This is the face of the future in our Western (non-Islamic) world. Before I continue, I’d like to remind people that a country’s immigration policies is directly linked to demographics and fertility rates. If you’re wondering why so many new immigrants, migrants and asylum seekers are allowed entry into Europe, Canada and the USA, the stark answer is that Western women are not having enough babies. It’s as simple as that. In any given society, when the death rate is higher than the birth rate, there’s a serious problem. Shrinking populations are a direct threat to economic growth and prosperity (jobs) as well as pensions, healthcare and social services.

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I’ve just come from a shopping mall located on the western fringe of Paris (Les Quatre Temps at La Défense.) On this Saturday afternoon, the place was awash with hijabis (Muslim women wearing hijabs.) Many were also wearing abayas, a long cloak made of black synthetic fiber combined with a headscarf or face veil. Here’s what I thought as two young women wearing the abaya and the hijab walked past me: C’est la nouvelle mode. (This is the new fashion.) As I walked along, my thoughts went further. I pictured a future issue of Parisian ELLE magazine with a hijabi on its cover, the caption underneath reading La Nouvelle Mode. Well, why not? As a follower of fashion trends my whole life (my mother was editor of several fashion magazines in Toronto), I can recognize a tendency when I see it.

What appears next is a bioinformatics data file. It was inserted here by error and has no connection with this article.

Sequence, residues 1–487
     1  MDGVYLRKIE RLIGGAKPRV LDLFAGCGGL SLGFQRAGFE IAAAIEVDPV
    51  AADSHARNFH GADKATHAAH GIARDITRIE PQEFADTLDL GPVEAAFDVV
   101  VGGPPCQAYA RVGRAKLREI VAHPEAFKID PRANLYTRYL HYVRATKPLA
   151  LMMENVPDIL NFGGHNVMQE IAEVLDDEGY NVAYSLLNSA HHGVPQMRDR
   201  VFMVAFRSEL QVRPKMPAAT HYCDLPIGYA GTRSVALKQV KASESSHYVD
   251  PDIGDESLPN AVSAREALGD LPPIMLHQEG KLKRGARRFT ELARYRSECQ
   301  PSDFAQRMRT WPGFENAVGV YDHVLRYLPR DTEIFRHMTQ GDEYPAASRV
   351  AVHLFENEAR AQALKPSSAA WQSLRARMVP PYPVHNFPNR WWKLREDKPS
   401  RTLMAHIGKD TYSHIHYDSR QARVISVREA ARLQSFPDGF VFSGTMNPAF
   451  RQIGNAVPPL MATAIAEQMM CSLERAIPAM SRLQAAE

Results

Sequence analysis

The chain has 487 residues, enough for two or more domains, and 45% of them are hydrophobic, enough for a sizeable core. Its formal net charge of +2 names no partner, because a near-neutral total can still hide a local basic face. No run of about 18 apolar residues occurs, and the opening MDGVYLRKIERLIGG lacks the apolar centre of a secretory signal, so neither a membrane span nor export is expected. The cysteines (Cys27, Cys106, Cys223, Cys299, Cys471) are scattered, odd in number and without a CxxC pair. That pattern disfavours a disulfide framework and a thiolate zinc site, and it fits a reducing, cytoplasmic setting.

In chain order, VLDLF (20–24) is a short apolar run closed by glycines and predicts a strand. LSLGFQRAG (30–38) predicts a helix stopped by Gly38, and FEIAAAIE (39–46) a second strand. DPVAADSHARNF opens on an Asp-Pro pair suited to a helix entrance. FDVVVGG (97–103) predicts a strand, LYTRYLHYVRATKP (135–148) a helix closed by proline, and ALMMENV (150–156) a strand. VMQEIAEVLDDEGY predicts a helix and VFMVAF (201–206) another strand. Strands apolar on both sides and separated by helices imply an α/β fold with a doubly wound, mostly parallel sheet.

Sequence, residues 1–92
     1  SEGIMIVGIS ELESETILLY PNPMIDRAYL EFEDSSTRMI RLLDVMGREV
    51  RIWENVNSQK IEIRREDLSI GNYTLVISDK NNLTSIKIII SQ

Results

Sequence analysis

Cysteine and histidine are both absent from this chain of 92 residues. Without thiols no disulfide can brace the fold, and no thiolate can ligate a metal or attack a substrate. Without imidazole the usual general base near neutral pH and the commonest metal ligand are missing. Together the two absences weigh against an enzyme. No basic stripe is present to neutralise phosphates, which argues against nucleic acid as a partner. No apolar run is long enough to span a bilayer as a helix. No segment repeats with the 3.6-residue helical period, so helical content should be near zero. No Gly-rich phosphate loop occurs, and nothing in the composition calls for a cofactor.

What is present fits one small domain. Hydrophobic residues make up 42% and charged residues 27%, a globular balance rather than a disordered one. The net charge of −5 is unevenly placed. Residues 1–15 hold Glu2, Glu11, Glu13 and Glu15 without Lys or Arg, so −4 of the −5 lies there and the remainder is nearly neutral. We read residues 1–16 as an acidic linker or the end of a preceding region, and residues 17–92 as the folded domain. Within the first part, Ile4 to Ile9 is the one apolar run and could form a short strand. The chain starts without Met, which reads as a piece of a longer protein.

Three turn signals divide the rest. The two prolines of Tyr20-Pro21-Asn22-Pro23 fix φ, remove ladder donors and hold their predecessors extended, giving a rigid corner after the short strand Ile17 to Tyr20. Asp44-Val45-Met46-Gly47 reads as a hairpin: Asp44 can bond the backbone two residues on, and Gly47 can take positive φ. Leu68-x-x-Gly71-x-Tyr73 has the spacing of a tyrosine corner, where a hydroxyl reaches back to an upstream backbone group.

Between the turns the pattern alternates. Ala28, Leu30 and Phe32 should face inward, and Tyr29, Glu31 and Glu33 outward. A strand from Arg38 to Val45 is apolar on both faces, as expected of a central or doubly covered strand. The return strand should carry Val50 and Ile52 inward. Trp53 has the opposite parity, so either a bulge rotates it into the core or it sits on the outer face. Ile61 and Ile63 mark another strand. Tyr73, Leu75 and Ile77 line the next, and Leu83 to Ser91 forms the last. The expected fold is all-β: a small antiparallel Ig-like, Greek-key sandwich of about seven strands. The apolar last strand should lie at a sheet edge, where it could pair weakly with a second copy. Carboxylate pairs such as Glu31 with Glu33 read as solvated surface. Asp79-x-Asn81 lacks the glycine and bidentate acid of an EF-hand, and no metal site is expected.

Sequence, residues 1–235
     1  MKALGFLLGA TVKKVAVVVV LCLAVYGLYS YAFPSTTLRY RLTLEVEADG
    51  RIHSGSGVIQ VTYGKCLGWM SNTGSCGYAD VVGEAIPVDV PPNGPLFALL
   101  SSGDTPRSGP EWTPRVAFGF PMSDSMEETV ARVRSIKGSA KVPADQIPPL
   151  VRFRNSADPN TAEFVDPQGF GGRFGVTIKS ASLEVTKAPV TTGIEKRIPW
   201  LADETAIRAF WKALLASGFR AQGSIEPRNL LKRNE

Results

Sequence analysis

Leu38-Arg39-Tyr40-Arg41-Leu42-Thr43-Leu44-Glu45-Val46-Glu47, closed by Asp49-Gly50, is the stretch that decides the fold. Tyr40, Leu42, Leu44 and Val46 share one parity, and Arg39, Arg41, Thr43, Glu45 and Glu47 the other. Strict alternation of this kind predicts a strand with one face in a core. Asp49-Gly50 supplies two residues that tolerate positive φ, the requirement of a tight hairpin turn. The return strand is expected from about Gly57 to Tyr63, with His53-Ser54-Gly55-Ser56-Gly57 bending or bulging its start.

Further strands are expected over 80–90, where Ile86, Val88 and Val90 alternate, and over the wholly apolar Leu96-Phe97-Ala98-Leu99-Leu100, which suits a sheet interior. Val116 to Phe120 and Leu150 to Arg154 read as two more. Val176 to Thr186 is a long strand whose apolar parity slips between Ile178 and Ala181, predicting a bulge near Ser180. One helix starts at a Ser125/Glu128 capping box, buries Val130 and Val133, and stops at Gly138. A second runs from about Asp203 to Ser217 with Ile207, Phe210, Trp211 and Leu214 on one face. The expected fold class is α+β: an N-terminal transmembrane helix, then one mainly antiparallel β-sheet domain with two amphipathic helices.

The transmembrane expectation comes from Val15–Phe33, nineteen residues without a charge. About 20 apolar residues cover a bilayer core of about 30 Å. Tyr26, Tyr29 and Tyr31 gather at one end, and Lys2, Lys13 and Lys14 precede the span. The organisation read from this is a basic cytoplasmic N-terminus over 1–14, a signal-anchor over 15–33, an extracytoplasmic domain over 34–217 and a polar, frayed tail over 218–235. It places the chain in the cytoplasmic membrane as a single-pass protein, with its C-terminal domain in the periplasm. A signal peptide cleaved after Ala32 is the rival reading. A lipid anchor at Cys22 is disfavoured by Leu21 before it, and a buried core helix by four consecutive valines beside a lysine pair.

But this is not a fad or a fashion craze. This is an ideology exported from the Middle East to Eastern Africa, Mali, northern Africa (Morocco, Algeria, Tunisia), and onwards to proliferate in Europe and the West in general. This ideology is a vision of the world and society that is not ours. Just one random example: girls as young as four being forced to wear the hijab. Why would a little girl be required to dress modestly and conceal her hair? A little girl’s body is not sexual; it does not need to be covered or protected from the male gaze. An utterly repugnant practice that I have personally witnessed in Lille, France.